Shakespeare (44 слайда).ppt
- Количество слайдов: 44
Shakespeare’s Life 1564 -1616 The man behind the legend
n n Boyhood in Stratford-Upon. Avon 23, 1564 in Stratford. Born April Upon-Avon Parents John and Mary Arden Shakespeare Seven brothers and sisters Grammar School from age 7 to 13
William Shakespeare’s Home
Marriage and Life in London n 1582 at age 18 married Anne Hathaway 1583 -1592 ? ? ? 1592 (28 years old) went to London u actor and playwright u first accused of borrowing from other playwrights n 1592 -1594 Plague
Shakespeare Prospers n 1598 built Globe Theatre u Owned n shares in it Father granted a coat-of-arms u Gentlemen n Recognized as a genius in his own time
Honored as Actor and Playwright n n Queen Elizabeth dies in 1603 King James I takes the throne u Shakespeare’s Theatre company becomes the King’s Company n Member of famous writer’s group (Mermaid Tavern)
Death and Burial at Stratford n 1610 retired from theatre u 1613 Globe theatre burns down F lost much money but still wealthy F helps rebuild Globe theatre u Dies on April 23, 1616 at age 52
Did Shakespeare really write his plays? n Many believe it is impossible for Shakespeare to have written his plays u Lacks heights and depths of passion u could not learn aristocratic sports and manners u lacked schooling
Secrets of the Sonnets n n n 154 Sonnets, 60 songs Love, broken trust of friend, loss of love, forgiveness friend, dark lady, rival poet
Shakespeare’s Four Periods n n First Period- Apprenticeship (Age 26 -30) Second Period- Mastered his art! u Favorite n n “Romantic Comedy” Third Period- Problem of Evil in the World Forth Period- Creates a new drama form u “Tragicomedy” or the dramatic romance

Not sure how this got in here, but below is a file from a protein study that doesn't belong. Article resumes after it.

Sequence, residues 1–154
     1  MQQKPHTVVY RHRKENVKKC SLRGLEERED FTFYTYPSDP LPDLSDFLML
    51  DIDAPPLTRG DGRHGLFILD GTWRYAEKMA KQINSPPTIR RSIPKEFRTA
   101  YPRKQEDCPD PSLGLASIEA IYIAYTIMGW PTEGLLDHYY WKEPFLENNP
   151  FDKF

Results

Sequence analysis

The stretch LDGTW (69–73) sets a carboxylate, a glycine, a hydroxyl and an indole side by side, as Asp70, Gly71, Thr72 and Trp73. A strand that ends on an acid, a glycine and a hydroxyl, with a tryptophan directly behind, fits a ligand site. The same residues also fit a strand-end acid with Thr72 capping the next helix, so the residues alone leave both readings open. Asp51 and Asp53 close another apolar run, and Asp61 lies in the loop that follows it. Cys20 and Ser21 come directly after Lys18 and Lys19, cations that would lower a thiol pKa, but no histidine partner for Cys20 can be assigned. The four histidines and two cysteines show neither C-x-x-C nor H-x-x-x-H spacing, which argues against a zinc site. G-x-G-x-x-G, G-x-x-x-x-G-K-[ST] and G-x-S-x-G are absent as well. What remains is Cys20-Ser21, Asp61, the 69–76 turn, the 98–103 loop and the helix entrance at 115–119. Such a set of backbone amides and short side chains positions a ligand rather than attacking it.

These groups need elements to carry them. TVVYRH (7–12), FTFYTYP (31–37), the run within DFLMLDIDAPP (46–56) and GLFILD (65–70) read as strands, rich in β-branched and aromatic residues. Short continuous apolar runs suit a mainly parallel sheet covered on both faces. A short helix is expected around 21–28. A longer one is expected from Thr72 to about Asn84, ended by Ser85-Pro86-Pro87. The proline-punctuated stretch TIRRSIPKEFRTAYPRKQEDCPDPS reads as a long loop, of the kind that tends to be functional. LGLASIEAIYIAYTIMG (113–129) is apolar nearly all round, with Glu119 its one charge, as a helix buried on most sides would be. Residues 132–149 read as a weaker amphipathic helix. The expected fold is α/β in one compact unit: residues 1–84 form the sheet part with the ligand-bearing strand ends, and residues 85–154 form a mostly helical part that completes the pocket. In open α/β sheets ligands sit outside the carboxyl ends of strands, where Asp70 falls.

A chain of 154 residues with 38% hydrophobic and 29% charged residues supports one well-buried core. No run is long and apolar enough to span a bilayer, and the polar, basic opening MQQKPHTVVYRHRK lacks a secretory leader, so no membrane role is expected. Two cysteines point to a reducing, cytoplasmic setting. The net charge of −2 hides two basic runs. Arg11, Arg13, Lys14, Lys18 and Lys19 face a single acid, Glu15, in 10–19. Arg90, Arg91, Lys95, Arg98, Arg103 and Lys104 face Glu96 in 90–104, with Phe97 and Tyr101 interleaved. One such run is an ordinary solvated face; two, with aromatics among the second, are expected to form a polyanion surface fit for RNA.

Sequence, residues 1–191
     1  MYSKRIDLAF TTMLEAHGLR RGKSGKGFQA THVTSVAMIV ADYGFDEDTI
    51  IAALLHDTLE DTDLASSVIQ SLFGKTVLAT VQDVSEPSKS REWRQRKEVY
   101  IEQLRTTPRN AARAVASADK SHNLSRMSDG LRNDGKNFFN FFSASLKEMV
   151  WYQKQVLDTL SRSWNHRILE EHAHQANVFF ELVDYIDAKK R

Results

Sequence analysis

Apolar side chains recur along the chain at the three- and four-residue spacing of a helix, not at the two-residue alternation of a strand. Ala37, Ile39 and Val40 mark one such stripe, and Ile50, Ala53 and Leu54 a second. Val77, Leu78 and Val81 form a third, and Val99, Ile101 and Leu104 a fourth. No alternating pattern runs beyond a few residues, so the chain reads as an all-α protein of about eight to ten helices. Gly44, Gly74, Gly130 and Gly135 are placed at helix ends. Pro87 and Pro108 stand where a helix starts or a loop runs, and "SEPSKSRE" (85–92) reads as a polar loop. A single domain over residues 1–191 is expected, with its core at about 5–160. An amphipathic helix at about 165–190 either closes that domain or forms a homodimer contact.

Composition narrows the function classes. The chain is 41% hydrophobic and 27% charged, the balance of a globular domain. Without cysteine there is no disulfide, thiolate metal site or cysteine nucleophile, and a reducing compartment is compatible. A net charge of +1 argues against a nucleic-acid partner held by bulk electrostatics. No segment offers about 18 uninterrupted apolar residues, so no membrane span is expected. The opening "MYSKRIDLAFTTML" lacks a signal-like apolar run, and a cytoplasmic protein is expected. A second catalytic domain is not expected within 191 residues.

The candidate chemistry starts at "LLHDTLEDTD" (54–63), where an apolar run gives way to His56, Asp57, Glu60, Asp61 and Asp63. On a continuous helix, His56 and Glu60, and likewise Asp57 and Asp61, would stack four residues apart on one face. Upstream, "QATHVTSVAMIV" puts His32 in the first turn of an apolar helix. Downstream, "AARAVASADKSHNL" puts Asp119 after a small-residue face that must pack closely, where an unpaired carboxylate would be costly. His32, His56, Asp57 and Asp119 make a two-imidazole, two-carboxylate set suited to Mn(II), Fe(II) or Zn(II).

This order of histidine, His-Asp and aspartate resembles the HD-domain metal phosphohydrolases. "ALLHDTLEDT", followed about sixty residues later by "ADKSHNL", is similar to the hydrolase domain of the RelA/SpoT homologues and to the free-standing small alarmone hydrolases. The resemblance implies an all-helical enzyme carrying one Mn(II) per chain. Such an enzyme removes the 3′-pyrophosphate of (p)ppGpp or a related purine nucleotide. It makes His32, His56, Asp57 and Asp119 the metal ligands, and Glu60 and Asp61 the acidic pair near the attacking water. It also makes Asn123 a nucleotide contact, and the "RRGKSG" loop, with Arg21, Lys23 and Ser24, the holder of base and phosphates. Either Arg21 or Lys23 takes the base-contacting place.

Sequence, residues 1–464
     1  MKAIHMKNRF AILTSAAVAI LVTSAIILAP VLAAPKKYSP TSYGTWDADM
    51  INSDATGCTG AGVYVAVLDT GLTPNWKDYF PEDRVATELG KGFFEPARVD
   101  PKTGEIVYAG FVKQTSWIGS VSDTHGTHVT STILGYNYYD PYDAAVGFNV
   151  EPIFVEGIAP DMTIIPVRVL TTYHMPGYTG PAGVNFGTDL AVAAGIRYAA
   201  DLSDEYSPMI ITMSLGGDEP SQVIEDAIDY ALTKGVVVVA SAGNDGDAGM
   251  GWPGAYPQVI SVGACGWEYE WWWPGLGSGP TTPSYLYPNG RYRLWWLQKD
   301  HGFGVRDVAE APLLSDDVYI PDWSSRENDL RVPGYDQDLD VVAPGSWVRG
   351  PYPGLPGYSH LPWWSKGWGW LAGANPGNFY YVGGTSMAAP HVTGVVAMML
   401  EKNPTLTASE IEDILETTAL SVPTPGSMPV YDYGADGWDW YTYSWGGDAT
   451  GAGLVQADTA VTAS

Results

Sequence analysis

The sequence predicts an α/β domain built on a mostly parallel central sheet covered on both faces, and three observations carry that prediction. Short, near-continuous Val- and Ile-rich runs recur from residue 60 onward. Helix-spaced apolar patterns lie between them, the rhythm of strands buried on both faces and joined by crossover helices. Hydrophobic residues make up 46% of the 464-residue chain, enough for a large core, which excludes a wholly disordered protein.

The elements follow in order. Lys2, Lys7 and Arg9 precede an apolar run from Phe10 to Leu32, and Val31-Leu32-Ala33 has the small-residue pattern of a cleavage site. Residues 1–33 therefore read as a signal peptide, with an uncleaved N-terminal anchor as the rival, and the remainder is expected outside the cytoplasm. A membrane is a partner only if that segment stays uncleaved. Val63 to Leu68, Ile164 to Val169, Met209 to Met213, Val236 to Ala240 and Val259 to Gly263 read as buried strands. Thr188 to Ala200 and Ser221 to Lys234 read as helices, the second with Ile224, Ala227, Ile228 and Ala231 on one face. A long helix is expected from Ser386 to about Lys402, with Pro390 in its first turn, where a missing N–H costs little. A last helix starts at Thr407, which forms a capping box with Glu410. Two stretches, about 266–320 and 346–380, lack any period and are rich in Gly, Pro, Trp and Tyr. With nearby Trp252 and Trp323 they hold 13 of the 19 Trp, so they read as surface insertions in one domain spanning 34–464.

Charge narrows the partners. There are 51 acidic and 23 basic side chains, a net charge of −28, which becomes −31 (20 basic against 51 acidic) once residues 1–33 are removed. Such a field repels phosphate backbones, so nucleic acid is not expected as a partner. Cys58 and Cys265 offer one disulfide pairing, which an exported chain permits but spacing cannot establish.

Shakespeare as an Elizabethan n Queen Elizabeth reigned (1558 -1603) Emerging from the Middle Ages into the Renaissance Age was extravagant and brutal u elaborate, ornate clothing, language and manners u language was growing fast u middle class (stern, moral, and independent)
Elizabeth I Symbolizes the Age n Queen Elizabeth Glory of England u To people, she represented beauty and greatness u one of the most powerful countries in the world
Queen Elizabeth 1558 -1603
Drama in the Elizabethan Age n n After defeating the Spanish Armada, England became intensely interested in the past. (Patriotic) Historical plays thrived. Playwrights were practical men, bent on making a living Plays were written to be acted, not read. Once a playwright sold his manuscript, he had no personal right to it.
Shakespeare’s Plots and Characters n n First reading =quick Second reading=more leisurely Plots=romantic, poetic, farfetched, imaginative, supernatural Characters=realistic, alive, three dimensional, powerful and eternally true
The Elizabethian Theater n n Round, wooden, roofless building Three galleries of seats Pit (no seats) cost a penny “groundlings” Main stage u 40 feet wide u 27 feet projection into the pit n n n Recessed inner stage (curtains and balcony) Music Room Heaven and a Hell
The Stage Influences on Shakespeare’s Methods n n Open, free stage=quick changes, rapid action Encourages speechmaking, passionate soliloquies No women actors Only day time light= speeches about time, season and weather u (Macbeth=40 n such speeches Closeness of different classes